Hicks hit .261 with a .795 OPS after signing with Baltimore in late May after being released by the New York Yankees. But his current stint on the IL is his third since late July.

Hyde said the team is managing his workload and seeing how he recovers in the coming days.

“Whenever we feel he’s ready, that’s when we’ll activate him,” Hyde said.

Means takes another step

John Means delivered the best start of his rehab assignment Thursday in Triple-A. The left-hander allowed one hit and two walks in five scoreless innings with six strikeouts. Recovering from Tommy John elbow reconstruction, Means continued building up his workload, throwing 86 pitches after tossing 72 in his previous start.

Means, the Orioles’ best starter during the rebuild until he tore his ulnar collateral ligament last April, generated 13 whiffs on 44 swings, including six on his changeup. He averaged 91.2 mph on his fastball — 1.6 mph off his average fastball in 2021.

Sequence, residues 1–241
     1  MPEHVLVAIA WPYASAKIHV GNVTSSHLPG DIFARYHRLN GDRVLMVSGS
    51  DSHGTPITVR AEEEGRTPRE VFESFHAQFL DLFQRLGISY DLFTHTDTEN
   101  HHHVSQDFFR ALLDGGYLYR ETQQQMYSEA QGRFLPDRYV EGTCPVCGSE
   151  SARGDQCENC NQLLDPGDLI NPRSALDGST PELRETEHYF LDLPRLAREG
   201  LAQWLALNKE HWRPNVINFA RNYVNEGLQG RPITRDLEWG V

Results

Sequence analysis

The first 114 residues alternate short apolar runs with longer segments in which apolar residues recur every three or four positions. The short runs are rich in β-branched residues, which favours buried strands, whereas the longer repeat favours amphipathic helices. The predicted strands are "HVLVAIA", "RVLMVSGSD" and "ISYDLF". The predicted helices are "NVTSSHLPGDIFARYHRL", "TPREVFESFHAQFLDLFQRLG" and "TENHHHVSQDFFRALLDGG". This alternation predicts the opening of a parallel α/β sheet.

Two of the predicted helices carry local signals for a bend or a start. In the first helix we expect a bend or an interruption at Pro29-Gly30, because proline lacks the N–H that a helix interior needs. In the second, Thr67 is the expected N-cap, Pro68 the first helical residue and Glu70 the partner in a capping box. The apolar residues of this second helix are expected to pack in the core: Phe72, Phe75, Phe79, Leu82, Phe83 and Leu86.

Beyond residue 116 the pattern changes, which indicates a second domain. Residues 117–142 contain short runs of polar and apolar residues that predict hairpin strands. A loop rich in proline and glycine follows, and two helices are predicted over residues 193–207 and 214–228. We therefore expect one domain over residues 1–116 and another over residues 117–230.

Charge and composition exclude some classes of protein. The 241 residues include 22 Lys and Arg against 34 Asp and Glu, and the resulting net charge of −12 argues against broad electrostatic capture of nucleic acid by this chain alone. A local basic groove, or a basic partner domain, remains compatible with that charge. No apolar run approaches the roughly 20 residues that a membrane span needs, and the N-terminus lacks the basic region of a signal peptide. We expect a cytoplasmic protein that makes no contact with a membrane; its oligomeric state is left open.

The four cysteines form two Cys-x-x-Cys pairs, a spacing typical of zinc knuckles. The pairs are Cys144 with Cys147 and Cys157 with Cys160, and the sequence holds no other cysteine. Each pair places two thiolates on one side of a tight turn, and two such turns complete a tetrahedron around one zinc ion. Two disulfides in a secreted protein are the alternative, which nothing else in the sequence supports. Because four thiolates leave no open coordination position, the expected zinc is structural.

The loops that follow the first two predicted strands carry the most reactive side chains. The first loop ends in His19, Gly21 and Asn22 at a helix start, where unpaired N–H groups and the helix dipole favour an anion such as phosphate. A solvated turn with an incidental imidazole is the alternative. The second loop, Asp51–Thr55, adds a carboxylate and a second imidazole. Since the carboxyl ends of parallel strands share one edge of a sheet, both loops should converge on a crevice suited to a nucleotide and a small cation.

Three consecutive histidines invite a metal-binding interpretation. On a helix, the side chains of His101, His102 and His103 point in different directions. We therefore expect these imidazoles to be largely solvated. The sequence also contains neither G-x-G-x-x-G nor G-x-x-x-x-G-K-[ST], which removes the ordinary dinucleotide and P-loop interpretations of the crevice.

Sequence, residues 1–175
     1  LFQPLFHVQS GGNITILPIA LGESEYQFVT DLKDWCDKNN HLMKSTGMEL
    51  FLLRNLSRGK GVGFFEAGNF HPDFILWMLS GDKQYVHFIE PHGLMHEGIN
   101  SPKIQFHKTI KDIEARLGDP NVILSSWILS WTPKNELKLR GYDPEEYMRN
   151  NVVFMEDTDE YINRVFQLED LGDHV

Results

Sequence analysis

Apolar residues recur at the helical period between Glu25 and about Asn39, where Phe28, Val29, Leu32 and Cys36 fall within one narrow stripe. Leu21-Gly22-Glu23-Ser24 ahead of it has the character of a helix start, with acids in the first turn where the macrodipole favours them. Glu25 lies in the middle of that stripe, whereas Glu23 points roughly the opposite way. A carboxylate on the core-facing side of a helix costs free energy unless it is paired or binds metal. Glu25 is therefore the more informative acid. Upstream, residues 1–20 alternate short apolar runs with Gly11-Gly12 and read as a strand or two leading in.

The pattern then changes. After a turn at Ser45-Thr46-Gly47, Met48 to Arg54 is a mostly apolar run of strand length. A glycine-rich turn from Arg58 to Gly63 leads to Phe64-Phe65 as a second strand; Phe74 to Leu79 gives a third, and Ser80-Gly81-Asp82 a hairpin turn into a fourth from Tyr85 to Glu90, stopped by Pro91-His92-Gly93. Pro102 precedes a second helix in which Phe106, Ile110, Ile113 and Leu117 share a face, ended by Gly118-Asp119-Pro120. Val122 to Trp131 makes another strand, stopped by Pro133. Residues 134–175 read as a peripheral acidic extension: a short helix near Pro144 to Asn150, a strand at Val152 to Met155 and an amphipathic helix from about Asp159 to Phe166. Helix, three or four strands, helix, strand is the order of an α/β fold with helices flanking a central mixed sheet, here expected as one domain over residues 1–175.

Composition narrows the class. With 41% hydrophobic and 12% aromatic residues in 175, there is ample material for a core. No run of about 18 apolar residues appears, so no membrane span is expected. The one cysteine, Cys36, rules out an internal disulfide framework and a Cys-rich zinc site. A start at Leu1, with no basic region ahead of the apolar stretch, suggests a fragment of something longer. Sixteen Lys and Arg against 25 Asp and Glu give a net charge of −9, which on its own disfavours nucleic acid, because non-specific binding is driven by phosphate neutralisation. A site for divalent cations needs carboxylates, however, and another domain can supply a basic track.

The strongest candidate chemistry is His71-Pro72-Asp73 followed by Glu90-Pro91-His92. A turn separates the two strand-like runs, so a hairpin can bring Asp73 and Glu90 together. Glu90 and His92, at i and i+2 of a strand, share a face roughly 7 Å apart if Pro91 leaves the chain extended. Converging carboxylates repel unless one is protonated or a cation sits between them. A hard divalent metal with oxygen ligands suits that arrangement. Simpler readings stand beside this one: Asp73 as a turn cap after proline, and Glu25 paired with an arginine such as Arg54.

“Really encouraged by his outing last night,” Hyde said. “Another guy that we’re just kind of monitoring. … Hopefully he can impact us in September at some point.”

The Orioles will have to make a decision with Means next week, either adding him to their bullpen or having him start games. Means’ rehab assignment cannot extend past Sept. 8.

Around the horn

  • In addition to Cowser, right-handed reliever Joey Krehbiel was also recalled Friday. Krehbiel, a main fixture in the Orioles’ bullpen last year, pitched 1 2/3 scoreless innings during his first stint in the big leagues last month. “I’m really encouraged by how Joey’s throwing the ball in Triple-A,” Hyde said. “He threw well for us when he came up for a couple brief moments this year.”
  • First baseman Ryan Mountcastle was scratched from Friday’s lineup because he is sick, the team said. Ramón Urías entered the lineup to play third base, Jordan Westburg shifted from third to DH and Ryan O’Hearn went from DH to first.